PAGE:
You kinda do.

The Cardinals returned to the World Series in 2013, but since have had a slow drift into the October shadows. They have not won an NLCS game since 2014, not advanced out of the first round of the playoffs since 2019. It wasn’t just the Phillies that came to a fork in the road in 2011. Pujols and the Cardinals did, too. He signed with the Angels after that championship. Apart the Cardinals and Pujols never had the same celebrations, never shared the parade routes that they did together. A reunion has reinvigorated Pujols and reminded the Cardinals about what striving for excellence requires.

“Anybody who really has a legacy like Albert just naturally raises the bar for others,” Mozeliak said. “As much as these individual things we were chasing, it was still about the team winning. I think, in the end, these guys helped put that together.”

Mozeliak called the season “magical.”

And two things the Cardinals conjured got them to the playoffs. There was the sleight of hand at the trade deadline when, for the first time in a decade — back to 2011 — the Cardinals aggressively added and reshaped their pitching staff. Jose Quintana, acquired at the deadline, will be their Game 1 starter after a superb September. There was the revival of Pujols after a lethargic first half. The three-time MVP came out of the All-Star break on a tear, pulling off old tricks and hitting 18 home runs, delivering 48 RBIs, and slugging .715 for one of the best second halves of his career, all at age 42.

“Albert was chasing (700), he had that on his mind for a fact, and he got it, and he put our whole team on his back in August to get there,” Wainwright said. “I think the good thing about anyone who was chasing anything on this team this year is the team has been the main focus. That has always been the main goal and the end goal for everybody. I think Albert would trade 700 and end on 699 to win another World Series.”

Would he trade start No. 325 with Molina for the same outcome?

“Absolutely,” he said. “I’d rather have both though.”

The Cardinals went 3-4 against the Phillies during the regular season, splitting a four-game series against them at Busch. In Philly, Arenado hit for the cycle in one game and was part of four consecutive home runs in the next. Zack Wheeler, the Phillies’ Game 1 starter, won two of the Phillies’ four games against the Cardinals, and he did not allow a run in 14 innings. The Cardinals did not get an extra-base hit against the right-hander. But Pujols, the Cardinals’ designated hitter this weekend, did not get an at-bat vs. Wheeler.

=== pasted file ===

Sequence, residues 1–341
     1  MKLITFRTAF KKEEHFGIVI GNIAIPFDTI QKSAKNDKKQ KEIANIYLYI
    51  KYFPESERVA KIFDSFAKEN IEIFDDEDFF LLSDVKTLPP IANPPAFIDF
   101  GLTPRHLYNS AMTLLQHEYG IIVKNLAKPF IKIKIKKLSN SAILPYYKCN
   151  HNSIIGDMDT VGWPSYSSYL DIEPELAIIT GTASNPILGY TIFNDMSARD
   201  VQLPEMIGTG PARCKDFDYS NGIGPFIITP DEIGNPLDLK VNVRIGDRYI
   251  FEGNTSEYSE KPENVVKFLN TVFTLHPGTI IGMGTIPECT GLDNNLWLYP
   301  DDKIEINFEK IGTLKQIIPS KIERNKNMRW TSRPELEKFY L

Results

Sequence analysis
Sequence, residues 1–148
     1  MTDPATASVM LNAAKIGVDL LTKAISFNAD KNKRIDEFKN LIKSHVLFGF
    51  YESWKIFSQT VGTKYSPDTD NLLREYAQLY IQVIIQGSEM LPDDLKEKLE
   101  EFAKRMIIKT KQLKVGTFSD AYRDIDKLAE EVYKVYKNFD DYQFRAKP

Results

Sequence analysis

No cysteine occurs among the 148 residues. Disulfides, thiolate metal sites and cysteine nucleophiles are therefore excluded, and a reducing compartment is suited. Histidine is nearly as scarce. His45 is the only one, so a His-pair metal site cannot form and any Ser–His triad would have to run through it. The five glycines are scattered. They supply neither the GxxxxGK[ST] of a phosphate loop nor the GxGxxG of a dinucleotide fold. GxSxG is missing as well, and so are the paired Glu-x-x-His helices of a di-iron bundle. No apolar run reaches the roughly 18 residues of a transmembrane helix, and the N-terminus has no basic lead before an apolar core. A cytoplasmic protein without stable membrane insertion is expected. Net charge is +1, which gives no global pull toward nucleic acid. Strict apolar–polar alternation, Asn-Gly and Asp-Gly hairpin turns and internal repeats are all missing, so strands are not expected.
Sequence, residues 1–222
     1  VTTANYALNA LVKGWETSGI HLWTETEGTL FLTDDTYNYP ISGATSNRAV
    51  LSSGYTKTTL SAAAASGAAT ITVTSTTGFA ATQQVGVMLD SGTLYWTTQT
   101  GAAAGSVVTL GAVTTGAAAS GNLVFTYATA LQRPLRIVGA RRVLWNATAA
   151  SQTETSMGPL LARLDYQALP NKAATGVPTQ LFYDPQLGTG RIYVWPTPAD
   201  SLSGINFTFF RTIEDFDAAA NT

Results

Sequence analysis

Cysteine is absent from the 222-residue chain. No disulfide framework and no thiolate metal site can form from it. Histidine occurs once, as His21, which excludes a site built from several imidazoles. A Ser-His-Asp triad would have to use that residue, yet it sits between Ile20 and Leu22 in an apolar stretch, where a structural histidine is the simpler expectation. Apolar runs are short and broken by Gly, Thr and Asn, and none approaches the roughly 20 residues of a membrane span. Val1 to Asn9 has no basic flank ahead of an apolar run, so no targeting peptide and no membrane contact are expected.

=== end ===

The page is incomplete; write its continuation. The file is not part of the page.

The Cardinals have shaped their pitching staff for the best-of-three series around containing the Phillies’ left-handed sluggers, the NL’s home run leader Kyle Schwarber and reigning NL MVP Bryce Harper. There is one scenario the Cardinals are considering where those batters see a different pitcher every at-bat, and an approach the Cardinals may use plucked straight out of the 2011 postseason. The bullpen may handle more innings than the starters.

There is one other familiar approach that Marmol referenced in his office this past week in Pittsburgh. He noted that in a short series a win in Game 1 is vital, but that starts by “setting the tone immediately, first inning, let alone first game.” Like, say, the last time the Cardinals faced the Phillies in the playoffs. In the first inning of that Game 5, Skip Schumaker, now the team’s bench coach and part of the 2022 reunion tour, delivered an RBI double to score Rafael Furcal for the game’s lone run. It wasn’t a number that glistened with history. It wasn’t an individual’s achievement. It took that entire team to turn it into one of the biggest numbers of all.

The milestones are over. The chase is on.

The team goal is singular — or put a fork in the season.

“To win,” Marmol said. “There is only one thing that matters starting (Friday), and that’s winning. That’s it.”

Ben Frederickson and Daniel Guerrero preview the best-of-three series, from slumping Paul Goldschmidt to the Phillies' shaky defense.